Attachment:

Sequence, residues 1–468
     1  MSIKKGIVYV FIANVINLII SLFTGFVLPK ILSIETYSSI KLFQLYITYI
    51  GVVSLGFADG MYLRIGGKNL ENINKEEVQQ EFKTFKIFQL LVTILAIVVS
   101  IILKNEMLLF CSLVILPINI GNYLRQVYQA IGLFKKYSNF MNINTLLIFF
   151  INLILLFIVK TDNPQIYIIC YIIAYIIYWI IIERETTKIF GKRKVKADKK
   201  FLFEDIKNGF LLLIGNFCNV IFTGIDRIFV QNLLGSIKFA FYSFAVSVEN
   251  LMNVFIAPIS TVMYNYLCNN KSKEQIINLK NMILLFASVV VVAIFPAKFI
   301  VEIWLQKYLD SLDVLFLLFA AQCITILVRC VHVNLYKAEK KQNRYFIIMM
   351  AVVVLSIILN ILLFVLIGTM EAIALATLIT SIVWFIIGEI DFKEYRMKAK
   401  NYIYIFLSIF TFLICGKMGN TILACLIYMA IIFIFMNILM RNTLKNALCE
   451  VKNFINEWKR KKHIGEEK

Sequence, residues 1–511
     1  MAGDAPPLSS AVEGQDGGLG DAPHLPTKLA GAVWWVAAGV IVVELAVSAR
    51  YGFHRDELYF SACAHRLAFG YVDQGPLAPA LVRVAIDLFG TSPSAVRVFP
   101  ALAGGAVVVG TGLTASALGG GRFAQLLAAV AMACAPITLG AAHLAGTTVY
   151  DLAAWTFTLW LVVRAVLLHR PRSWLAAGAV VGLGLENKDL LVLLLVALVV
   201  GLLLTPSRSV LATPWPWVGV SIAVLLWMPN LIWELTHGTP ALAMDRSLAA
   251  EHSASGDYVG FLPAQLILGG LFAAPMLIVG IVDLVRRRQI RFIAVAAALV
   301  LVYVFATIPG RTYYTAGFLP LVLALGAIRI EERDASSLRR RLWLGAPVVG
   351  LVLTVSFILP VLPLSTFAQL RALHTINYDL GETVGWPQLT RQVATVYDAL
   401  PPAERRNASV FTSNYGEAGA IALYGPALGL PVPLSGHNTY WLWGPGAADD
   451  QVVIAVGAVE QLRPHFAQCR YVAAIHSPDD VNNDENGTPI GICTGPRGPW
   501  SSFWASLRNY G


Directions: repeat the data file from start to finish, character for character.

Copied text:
Sequence, residues 1–468
     1  MSIKKGIVYV FIANVINLII SLFTGFVLPK ILSIETYSSI KLFQLYITYI
    51  GVVSLGFADG MYLRIGGKNL ENINKEEVQQ EFKTFKIFQL LVTILAIVVS
   101  IILKNEMLLF CSLVILPINI GNYLRQVYQA IGLFKKYSNF MNINTLLIFF
   151  INLILLFIVK TDNPQIYIIC YIIAYIIYWI IIERETTKIF GKRKVKADKK
   201  FLFEDIKNGF LLLIGNFCNV IFTGIDRIFV QNLLGSIKFA FYSFAVSVEN
   251  LMNVFIAPIS TVMYNYLCNN KSKEQIINLK NMILLFASVV VVAIFPAKFI
   301  VEIWLQKYLD SLDVLFLLFA AQCITILVRC VHVNLYKAEK KQNRYFIIMM
   351  AVVVLSIILN ILLFVLIGTM EAIALATLIT SIVWFIIGEI DFKEYRMKAK
   401  NYIYIFLSIF TFLICGKMGN TILACLIYMA IIFIFMNILM RNTLKNALCE
   451  VKNFINEWKR KKHIGEEK

Sequence, residues 1–511
     1  MAGDAPPLSS AVEGQDGGLG DAPHLPTKLA GAVWWVAAGV IVVELAVSAR
    51  YGFHRDELYF SACAHRLAFG YVDQGPLAPA LVRVAIDLFG TSPSAVRVFP
   101  ALAGGAVVVG TGLTASALGG GRFAQLLAAV AMACAPITLG AAHLAGTTVY
   151  DLAAWTFTLW LVVRAVLLHR PRSWLAAGAV VGLGLENKDL LVLLLVALVV
   201  GLLLTPSRSV LATPWPWVGV SIAVLLWMPN LIWELTHGTP ALAMDRSLAA
   251  EHSASGDYVG FLPAQLILGG LFAAPMLIVG IVDLVRRRQI RFIAVAAALV
   301  LVYVFATIPG RTYYTAGFLP LVLALGAIRI EERDASSLRR RLWLGAPVVG
   351  LVLTVSFILP VLPLSTFAQL RALHTINYDL GETVGWPQLT RQVATVYDAL
   401  PPAERRNASV FTSNYGEAGA IALYGPALGL PVPLSGHNTY WLWGPGAADD
   451  QVVIAVGAVE QLRPHFAQCR YVAAIHSPDD VNNDENGTPI GICTGPRGPW
   501  SSFWASLRNY G